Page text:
I Talk to Dead People

  • May 22, 2015

bushey 2I talk to dead people.

Now–hang on a second–before you call the loony bin and have me committed, you should hear me out… I talk to dead people, but the dead people don’t always talk back. I mean, sometimes they do. Sometimes they give me a nudge in the right direction. Sometimes they whisper through a gust of wind. Sometimes they manifest as a crow perched in tree–constantly heckling and shouting commands. Granted, this is usually when I’m all by myself at some abandoned homestead–with no one to confirm the phenomena–but I assure you that I’m not making this stuff up.

Yesterday was a horrible day–the sort of day that brings you to your breaking point. One of my most recent challenges has been getting my son to daycare. I know that sounds kind of silly–you go, you drop the kid off, you leave. But when your kid is crumpled in the corner, eyes glistening with tears, and hiding his face behind a pizza Lunchable–its not as easy as drop off and leave.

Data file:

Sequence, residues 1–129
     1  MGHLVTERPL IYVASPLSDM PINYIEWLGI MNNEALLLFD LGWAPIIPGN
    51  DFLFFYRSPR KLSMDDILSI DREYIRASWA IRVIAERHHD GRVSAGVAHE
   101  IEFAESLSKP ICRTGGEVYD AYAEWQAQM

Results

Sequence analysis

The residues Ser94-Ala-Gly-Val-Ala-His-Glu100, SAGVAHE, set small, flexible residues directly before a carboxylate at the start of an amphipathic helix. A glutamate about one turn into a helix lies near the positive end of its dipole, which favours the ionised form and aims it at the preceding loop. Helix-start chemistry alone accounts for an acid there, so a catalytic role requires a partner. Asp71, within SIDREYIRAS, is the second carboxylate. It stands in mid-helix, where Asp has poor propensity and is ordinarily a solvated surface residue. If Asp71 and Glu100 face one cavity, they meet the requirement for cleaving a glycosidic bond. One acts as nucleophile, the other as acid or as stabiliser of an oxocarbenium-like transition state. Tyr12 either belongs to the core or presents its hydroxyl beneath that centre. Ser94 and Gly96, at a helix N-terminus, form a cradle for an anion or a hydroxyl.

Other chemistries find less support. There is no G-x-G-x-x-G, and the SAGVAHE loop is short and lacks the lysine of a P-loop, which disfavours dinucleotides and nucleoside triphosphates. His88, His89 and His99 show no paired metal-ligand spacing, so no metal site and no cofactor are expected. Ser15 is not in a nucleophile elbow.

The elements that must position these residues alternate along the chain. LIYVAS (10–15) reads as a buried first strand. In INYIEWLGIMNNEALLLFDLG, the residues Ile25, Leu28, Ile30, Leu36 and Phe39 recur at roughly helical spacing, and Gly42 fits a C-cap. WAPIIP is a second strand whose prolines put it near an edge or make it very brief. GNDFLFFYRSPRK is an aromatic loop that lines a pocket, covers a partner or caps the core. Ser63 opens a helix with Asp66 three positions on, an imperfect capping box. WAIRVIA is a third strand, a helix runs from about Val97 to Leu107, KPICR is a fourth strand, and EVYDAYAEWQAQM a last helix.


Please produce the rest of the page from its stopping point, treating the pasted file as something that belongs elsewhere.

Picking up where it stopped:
What kind of mother would I be if I just ignored that quivering little lip? My son is one of the most sensitive, sweet, and reserved little boys. But recently, he has had a few mishaps with a more rowdy kid in his class. From what I’m told, the two usually get along… when the other child isn’t slapping him in the face, throwing a toy at his head, or stomping on his fingers. (I think this may be a contributing factor to the emotional torment when I mention school.) 

ashtonYesterday, we had a rough day–even rougher than normal. As a result, I didn’t even get him to daycare until 10AM. I battled with him the entire morning, making my best effort to be encouraging and supporting… but the little guy just cried and cried and cried. As a matter of fact, he was still crying when I left him at daycare. I somehow managed to hold it together until I climbed into my Subaru… but then I lost it. Most parents know that emotional drain of seeing your child hurting–its pretty much brutal.